About the projects

Precarious employment, work-related health, and return to work among the Toronto South Asian community

Investigators: Stephanie Premji

Extensive economic and social precarity have been documented in the Toronto South Asian community by the South Asian Women’s Rights Organization (SAWRO), the Injured Workers Community Legal Clinic and Stephanie Premji. While these efforts have produced valuable knowledge, SAWRO members have identified a need to further document the causes and implications of work injuries and illnesses linked to precarious employment among the South Asian community, including implications for return to work. Community members will work on all stages of the research as peer researchers conducting focus groups discussions and surveying South Asian men and women who are or were precariously employed and who have experienced a physical or mental health problem because of work in order to document lived experiences.

Return to Work Barriers and Facilitators for Temporary Foreign Workers

Investigators: Janet McLaughlin, Jenna Hennebry, Jill Hanley, Susana Caxaj

Despite the wide reliance on Temporary Foreign Workers (TFWs) throughout the Canadian economy, scant attention has been paid to issues surrounding their access to workers’ compensation (WC), and even less is known about the unique circumstances surrounding the return to work (RTW) issues for those who have experienced occupational injuries or illness.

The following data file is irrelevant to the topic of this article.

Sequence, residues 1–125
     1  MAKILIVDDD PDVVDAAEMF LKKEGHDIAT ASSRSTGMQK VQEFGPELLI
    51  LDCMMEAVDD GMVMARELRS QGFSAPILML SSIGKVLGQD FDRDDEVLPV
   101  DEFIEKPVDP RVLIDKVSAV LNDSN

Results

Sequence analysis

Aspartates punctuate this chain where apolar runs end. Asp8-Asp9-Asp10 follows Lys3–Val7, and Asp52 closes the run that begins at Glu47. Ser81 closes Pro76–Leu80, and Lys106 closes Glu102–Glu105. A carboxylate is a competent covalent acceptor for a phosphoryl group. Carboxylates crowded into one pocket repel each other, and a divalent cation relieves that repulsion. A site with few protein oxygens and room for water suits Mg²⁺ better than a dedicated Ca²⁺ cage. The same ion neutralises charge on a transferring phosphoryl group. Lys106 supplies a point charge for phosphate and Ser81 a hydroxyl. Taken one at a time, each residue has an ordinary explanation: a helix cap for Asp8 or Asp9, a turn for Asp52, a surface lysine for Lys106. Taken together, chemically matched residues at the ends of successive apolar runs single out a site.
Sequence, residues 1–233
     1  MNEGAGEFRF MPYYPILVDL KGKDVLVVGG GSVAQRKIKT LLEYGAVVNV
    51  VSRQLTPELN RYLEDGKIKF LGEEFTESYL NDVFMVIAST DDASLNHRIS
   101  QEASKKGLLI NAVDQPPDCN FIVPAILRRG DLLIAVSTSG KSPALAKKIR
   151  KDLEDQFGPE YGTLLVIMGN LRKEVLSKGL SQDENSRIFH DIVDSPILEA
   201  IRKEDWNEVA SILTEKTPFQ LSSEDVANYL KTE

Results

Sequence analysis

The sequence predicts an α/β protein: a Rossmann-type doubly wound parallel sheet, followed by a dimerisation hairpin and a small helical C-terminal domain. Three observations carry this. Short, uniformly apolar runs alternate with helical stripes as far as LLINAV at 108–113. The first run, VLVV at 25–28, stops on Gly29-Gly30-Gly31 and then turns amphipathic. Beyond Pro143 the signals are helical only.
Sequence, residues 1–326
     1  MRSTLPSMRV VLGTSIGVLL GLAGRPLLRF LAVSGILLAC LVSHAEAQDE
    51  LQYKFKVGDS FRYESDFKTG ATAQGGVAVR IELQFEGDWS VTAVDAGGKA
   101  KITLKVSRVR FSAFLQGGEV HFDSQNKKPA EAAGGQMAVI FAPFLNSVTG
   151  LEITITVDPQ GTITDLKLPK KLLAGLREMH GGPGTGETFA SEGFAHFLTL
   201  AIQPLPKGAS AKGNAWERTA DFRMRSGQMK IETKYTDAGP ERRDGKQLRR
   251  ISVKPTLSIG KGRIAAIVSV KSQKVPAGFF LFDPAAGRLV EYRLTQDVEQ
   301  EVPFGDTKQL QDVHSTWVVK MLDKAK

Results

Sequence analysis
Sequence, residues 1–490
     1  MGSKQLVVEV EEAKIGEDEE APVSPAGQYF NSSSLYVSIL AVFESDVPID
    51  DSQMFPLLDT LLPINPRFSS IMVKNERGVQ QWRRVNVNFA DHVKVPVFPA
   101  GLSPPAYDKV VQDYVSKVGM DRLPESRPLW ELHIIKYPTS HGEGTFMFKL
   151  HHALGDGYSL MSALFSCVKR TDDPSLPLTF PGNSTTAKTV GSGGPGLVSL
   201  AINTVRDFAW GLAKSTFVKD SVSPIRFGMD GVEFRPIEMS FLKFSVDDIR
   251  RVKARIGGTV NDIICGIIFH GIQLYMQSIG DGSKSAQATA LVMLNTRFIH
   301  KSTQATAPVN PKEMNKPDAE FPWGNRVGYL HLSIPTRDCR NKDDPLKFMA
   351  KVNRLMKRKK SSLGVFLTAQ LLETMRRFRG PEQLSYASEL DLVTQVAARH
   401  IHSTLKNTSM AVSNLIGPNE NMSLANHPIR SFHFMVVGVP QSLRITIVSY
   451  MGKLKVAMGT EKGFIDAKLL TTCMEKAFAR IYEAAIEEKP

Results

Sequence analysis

This research will achieve two main objectives:  

1) investigate the RTW barriers and facilitators for TFWs across agriculture streams of the TFWP in the provinces of Ontario and Quebec;  

2) compare the RTW barriers and facilitators for TFWs in these two jurisdictions; and  

3) propose policy solutions to ensure optimal RTW outcomes for TFWs employed in the province of Ontario and Quebec 

Main methods include a document and policy analysis of WC and TFWP contracts and policies; qualitative interviews with stakeholders in government, health care and the WCB; qualitative interviews with injured TFWs across program streams; and an analysis of available WC data regarding rates of RTW for injured TFWs in relation to comparison populations.    

Identification of turning points in the journeys of immigrant workers who suffered a work-related accident and the impacts on the strategies of OHS stakeholders

Investigators: Daniel Côté, Sylvie Gravel, Mircea Vultur

The migratory path, the non-recognition of diplomas or the situation of overqualification and the lack of awareness of OHS rights and obligations, precarious work and possible language barriers are just some of the factors that are known in rehabilitation to influence the return to work process. Inspired by the life-course approach and the life story technique, this qualitative study aims to better understand and locate the turning points in the lives of immigrant workers who have suffered a work-related accident. This study includes a phase 2 where stakeholders will be invited to comment on the impact that a better understanding of these pathways can have on their intervention strategies. The results of this study will enrich our existing educational materials and those of OHS practitioners.